Abstract: Companies not complying with the UK Corporate Governance Code are required to provide explanations for non-compliance. This is the capstone of the 'comply-or-explain' system. There are no regulations about the content of those explanations, leaving shareholders and others to judge their appropriateness. The study develops a typology to assess the quality of corporate governance explanations for non-compliance of UK FTSE 350 companies based on seven quality characteristics. Code breaches generating the non-compliance explanations for analysis are identified for two accounting periods (2004/5 and 2011/12) relating to the 2003 and 2010 Codes (data for 2011/12 in brackets). There were 204 (125) non-compliant companies, 537 (253) Code breaches and 438 (208) explanations for non-compliance, an average of 2.6 (2.0) Code breaches and 2.2 (1.7) explanations per non-compliant company. Although compliance increased over the period examined, explanations were found to be of variable quality. Results suggest that companies need to improve the quality of their explanations if they are to be useful to users, notably location, complexity and specificity of explanations. There are also important questions raised about the work of auditors and their apparent silence. Companies are being encouraged to move towards compliance. We argue that this is against the 'comply-or-explain' philosophy which accepts that ‘one size does not fit all. Better quality of explanation is more important than compliance and thus companies may be unwittingly heading in the wrong direction.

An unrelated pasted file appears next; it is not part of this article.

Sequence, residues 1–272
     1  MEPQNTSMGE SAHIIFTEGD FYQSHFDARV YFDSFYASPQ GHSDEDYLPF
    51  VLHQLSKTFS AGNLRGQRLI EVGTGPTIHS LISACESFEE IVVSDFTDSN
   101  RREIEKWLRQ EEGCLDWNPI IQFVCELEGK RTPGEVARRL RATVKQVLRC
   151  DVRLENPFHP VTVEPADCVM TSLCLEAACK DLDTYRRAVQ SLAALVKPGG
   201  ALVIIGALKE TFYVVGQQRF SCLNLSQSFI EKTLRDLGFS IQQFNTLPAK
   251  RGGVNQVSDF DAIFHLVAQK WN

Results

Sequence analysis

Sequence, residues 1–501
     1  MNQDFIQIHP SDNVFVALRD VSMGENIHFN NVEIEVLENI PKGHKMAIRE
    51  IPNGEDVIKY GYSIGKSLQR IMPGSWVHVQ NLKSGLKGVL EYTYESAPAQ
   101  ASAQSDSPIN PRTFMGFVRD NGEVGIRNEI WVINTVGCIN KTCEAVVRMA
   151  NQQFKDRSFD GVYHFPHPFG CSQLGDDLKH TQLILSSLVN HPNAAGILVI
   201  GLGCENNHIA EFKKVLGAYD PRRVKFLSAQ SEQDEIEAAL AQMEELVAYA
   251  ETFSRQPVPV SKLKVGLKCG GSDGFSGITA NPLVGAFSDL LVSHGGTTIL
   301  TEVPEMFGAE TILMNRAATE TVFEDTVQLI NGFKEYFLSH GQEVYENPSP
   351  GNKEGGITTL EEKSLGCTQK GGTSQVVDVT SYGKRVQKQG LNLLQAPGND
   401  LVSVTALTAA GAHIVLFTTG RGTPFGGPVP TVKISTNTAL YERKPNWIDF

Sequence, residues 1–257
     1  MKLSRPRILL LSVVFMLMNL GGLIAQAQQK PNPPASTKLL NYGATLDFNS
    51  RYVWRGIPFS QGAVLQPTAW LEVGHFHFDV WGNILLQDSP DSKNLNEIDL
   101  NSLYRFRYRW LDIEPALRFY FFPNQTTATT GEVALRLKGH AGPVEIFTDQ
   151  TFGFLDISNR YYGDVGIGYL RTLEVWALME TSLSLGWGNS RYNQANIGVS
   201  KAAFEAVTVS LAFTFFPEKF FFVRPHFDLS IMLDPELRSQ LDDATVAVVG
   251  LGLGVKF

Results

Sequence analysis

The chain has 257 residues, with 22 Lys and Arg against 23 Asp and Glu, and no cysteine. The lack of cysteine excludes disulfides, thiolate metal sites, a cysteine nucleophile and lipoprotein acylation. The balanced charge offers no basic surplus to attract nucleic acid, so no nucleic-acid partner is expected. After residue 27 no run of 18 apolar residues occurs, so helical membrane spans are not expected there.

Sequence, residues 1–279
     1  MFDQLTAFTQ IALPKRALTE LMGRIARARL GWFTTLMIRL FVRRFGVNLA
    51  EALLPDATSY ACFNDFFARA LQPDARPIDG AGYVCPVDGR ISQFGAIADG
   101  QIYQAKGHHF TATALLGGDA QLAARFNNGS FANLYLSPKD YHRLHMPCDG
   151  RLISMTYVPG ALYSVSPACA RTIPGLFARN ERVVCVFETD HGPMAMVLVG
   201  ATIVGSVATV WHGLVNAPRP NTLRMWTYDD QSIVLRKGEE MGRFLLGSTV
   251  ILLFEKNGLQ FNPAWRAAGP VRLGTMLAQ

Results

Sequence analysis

Keywords: Corporate governance; Comply-or-explain; Non-compliance; Explanation; Quality of explanations; Typology
    Date: 2015–03
  5. By: Ã lvarez-Martínez, María Teresa (European Commission - JRC); Barrios, Salvador (European Commission - JRC); d'Andria, Diego (European Commission - JRC); Gesualdo, Maria (European Commission - JRC); Pontikakis, Dimitrios (European Commission - JRC); Pycroft, Jonathan (European Commission - JRC)